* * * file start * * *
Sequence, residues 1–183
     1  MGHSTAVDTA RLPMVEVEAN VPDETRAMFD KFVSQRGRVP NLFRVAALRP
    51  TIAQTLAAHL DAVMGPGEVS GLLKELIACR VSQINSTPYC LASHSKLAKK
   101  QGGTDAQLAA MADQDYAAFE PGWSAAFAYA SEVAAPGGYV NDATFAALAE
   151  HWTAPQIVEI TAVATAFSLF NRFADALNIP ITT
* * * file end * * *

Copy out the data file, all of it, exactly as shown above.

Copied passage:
Sequence, residues 1–183
     1  MGHSTAVDTA RLPMVEVEAN VPDETRAMFD KFVSQRGRVP NLFRVAALRP
    51  TIAQTLAAHL DAVMGPGEVS GLLKELIACR VSQINSTPYC LASHSKLAKK
   101  QGGTDAQLAA MADQDYAAFE PGWSAAFAYA SEVAAPGGYV NDATFAALAE
   151  HWTAPQIVEI TAVATAFSLF NRFADALNIP ITT